Training and hunting on the flat tops in CO today. The guys were hunting in a snow storm with 16″ already on the ground. Alan and Scott got bonus points from Todd by giving this day their all. Alan flew up from GA and Scott drove over from Denver to work with Todd and the dogs. The ride up the mountain and back was pretty bad and very slow going. More snow to fall tonight! What will tomorrow bring for the guys?
Believe it or not, places like Grouse Creek and Ptarmigan Lake aren’t always as productive as their names imply. Additionally “They’re everywhere” and “I always see them up there” are officially my two least favorite phrases spoken by non-hunters.
Though it’s never a bad idea to prey on local knowledge in hopes of finding a honey hole, the fact is, most non-hunters have no idea where to find game. Yes, they may stumble upon a grouse or two here and there on their morning hike, or spot a few resident greenheads dabbling around in the cattle dugout they always drive by on their way to work, but rarely do they ACTUALLY know where to find what you’re looking for, i.e. the massive coveys that shake the earth when they erupt or the oxbow lakes that hold enough ducks to black out the sky.
After hiking around ten thousand vertical feet this past week, I feel I have finally learned this lesson. While local knowledge can sometimes be helpful, there’s nothing that puts birds in the bag like boot-leather and good ole fashion location scouting.
Here are some photos from this week:
(Allie with her first Blue grouse)
(A nice days limit of blues)
(Allie in what the locals promised was Ptarmigan Country)
(Allie and I in a place we heard the Ptarmigan “littered the ground” – no such luck)
(Allie is a lot more excited to run down this 3,000 ft avalanche shoot than I am)
(Allie in the frozen tundra that actually holds birds)
(More of above)
(At the cost of an e-collar remote, half a box of shells, and Allie’s pads, we finally found some!)
Though we wasted a lot of time chasing “tips” from non-hunters, at least we got to do it in the high country. Sure beats the sage plains!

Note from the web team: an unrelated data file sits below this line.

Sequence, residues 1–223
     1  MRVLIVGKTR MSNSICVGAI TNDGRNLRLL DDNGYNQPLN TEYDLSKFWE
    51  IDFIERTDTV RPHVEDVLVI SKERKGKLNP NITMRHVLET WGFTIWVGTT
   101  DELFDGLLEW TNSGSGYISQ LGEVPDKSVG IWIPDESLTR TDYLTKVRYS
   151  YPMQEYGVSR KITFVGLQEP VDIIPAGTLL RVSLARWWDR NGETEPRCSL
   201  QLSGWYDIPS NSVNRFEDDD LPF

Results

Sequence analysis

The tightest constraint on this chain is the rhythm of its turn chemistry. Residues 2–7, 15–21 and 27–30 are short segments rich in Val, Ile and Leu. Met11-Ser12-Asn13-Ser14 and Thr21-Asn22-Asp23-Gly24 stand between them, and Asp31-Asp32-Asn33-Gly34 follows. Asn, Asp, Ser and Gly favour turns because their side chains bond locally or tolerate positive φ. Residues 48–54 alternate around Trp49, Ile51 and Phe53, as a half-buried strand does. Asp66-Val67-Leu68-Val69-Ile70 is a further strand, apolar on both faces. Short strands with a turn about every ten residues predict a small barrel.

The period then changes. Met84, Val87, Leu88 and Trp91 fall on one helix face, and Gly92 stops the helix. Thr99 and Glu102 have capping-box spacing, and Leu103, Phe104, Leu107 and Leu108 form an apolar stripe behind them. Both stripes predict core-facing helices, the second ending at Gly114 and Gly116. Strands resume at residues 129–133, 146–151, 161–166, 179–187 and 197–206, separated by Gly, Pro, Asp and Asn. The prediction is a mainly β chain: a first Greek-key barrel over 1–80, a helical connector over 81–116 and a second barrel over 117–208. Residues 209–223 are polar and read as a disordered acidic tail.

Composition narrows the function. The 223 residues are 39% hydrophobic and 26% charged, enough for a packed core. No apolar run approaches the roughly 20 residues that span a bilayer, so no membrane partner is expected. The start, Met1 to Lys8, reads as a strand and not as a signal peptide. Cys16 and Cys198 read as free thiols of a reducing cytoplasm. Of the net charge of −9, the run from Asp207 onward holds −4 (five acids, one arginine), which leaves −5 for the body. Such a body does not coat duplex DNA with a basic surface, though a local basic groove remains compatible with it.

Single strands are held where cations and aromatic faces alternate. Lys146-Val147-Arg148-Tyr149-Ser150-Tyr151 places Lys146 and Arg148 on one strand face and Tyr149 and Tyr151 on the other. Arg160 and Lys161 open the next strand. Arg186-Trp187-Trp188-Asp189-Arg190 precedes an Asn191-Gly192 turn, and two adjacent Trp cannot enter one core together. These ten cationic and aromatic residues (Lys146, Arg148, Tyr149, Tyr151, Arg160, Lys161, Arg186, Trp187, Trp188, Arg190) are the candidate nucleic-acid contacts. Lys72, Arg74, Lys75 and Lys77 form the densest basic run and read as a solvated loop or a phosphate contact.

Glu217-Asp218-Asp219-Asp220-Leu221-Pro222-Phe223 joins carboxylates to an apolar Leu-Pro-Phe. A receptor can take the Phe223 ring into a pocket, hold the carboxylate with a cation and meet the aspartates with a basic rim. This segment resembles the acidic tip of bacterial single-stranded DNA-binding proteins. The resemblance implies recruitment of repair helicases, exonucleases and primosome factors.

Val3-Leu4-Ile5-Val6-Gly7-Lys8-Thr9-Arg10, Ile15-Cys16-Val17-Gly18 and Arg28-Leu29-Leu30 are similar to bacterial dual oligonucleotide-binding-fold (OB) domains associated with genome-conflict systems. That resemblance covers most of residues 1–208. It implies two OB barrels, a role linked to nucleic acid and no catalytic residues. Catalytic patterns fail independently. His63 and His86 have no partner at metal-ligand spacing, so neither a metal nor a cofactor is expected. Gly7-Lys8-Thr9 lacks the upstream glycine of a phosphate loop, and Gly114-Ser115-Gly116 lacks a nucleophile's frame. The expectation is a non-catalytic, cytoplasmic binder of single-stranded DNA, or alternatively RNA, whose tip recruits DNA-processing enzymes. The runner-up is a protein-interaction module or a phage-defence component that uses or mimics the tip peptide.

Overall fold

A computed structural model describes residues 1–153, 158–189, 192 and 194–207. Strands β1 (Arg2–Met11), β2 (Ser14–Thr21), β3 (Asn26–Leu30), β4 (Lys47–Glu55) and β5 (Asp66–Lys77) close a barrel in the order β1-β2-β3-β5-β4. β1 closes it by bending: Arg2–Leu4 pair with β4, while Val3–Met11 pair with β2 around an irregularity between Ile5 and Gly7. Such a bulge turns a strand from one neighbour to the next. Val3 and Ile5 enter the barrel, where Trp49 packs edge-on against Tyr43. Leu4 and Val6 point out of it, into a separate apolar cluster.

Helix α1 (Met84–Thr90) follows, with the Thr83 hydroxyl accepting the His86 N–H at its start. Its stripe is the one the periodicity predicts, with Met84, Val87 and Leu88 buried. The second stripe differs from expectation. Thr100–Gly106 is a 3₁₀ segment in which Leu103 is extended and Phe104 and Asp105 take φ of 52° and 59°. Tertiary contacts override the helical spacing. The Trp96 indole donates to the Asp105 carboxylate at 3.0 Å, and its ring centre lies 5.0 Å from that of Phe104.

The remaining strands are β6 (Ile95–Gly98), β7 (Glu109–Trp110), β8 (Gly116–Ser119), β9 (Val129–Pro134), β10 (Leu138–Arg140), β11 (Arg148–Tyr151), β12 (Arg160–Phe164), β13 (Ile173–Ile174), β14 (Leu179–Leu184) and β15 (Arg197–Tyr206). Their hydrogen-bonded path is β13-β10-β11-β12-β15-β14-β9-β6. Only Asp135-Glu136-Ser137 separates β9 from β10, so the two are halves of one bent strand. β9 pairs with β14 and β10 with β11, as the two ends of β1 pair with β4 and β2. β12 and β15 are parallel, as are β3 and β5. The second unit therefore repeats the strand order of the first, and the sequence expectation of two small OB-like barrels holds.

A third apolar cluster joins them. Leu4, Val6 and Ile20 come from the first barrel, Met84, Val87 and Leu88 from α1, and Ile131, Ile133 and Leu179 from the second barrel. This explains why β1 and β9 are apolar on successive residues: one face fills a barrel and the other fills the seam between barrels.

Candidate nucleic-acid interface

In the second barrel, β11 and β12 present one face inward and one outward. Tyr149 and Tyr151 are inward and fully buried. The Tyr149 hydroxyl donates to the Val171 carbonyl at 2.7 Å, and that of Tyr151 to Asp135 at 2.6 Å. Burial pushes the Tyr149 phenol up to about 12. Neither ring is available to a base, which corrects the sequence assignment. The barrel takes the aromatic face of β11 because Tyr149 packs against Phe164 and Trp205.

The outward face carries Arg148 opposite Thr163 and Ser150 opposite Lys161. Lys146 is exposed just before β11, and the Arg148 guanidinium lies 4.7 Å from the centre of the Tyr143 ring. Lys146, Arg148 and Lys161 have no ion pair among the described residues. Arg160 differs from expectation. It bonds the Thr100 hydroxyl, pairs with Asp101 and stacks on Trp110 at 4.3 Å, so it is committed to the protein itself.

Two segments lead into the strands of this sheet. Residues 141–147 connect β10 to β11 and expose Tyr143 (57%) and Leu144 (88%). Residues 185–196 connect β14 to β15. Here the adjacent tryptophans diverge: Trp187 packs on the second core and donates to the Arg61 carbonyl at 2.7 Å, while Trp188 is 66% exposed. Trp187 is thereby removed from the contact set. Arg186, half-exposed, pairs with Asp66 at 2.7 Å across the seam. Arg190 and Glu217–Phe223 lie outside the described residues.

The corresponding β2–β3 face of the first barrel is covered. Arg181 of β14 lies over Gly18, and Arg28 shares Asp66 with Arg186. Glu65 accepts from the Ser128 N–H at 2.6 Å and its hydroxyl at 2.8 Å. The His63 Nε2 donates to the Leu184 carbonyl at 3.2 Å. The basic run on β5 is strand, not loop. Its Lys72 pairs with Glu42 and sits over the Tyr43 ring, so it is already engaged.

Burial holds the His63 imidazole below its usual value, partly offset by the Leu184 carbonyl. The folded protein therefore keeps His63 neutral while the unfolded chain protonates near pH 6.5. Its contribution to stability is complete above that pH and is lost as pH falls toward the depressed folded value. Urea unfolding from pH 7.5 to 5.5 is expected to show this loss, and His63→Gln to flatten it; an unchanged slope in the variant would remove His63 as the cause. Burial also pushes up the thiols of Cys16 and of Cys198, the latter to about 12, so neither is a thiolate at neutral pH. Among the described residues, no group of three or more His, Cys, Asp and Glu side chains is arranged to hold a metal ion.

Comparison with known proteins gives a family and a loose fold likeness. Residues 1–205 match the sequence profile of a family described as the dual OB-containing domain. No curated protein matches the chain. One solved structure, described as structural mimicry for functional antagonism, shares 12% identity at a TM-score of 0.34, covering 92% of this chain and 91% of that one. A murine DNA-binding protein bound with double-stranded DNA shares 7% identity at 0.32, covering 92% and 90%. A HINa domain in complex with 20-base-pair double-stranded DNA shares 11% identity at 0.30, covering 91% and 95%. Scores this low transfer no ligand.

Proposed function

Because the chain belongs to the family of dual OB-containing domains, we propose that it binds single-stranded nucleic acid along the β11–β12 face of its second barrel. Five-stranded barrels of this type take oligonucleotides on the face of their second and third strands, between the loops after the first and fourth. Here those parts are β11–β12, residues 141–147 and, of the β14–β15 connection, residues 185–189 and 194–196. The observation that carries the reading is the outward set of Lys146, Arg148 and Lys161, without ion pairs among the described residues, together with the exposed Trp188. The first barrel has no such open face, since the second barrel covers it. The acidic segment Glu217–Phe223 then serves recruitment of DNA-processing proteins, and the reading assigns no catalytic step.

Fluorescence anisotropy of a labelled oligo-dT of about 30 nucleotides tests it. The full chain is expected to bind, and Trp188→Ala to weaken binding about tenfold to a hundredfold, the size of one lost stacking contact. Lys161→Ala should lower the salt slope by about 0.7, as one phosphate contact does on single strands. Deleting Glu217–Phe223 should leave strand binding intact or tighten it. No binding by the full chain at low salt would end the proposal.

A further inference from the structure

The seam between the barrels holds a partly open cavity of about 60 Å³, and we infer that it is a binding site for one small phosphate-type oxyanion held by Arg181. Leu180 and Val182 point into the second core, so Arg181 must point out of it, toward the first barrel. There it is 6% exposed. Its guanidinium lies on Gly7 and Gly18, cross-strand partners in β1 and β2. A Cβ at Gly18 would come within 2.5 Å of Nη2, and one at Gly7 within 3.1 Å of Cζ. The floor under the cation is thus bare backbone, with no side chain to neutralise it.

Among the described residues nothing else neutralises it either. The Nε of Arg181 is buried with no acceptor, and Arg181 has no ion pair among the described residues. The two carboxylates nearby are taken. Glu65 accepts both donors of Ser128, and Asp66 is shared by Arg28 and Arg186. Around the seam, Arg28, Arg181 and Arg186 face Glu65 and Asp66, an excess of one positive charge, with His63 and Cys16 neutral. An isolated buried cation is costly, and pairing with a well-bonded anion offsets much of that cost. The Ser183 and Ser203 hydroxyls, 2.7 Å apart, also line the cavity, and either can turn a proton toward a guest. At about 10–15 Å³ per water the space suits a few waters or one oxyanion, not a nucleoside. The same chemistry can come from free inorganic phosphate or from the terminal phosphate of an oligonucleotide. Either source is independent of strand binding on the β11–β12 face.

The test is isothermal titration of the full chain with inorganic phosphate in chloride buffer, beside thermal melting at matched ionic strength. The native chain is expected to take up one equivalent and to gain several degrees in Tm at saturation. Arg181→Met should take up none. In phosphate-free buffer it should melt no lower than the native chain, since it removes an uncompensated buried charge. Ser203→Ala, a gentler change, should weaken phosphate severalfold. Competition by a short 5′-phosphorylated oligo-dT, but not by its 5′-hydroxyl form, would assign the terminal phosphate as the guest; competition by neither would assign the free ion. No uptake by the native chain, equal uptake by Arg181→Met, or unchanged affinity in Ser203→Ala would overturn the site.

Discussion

Today was a another fun day chasing birds in the mountains. For those of you that know Todd when he see’s a place that looks like it has birds he is going. Well, this dirt road we took soon turned into big wet puddles with big rocks all over the place. He finally decided to stop and just take dogs out to see if there were any birds. After a few runs with different dogs, Todd said we had better get out of there because clouds were rolling in. We made our way down the same bad road and soon the snow started to fly. Todd said good thing we decided to get out. It was going to be a 2 hour ride back out to camp.
During our drive down we came across the sheep herders and owner of all those sheep. We had a really nice chat and moved along. This was a different batch from the other day, I believe the owner said there were 1000 sheep in this herd.
The storm clouds were following us all the way out, but I had to stop to take photos at the Deep Creek overlook before we left the park. We didn’t hit anymore snow but did get rain down at the bottom.
We arrived this morning at the flat tops to start our hunting. We were at 10,000 feet most of the day.
Todd coming back with Dibbs, Rennie and Dudley. The boys are heeling so nice.
Todd coming back with DJ and Kate at heel.
This is what I was doing while Todd was working Kate and DJ.
Lunch time with the puppies! Where did you have lunch today? I bet our lunch was a lot more fun than yours.
Kermit having some fun with Todd during lunch.
The view from my chair at lunch time.
At the end of the day we came across a herd of sheep that were moving their way down the mountain. Following them were at least 3 working dogs that we could see. As I moved closer to the sheep to take photos the working dogs moved closer to me. They stayed near the sheep but had a eye on me and Todd the whole time. This was really awesome! A great way to end the day…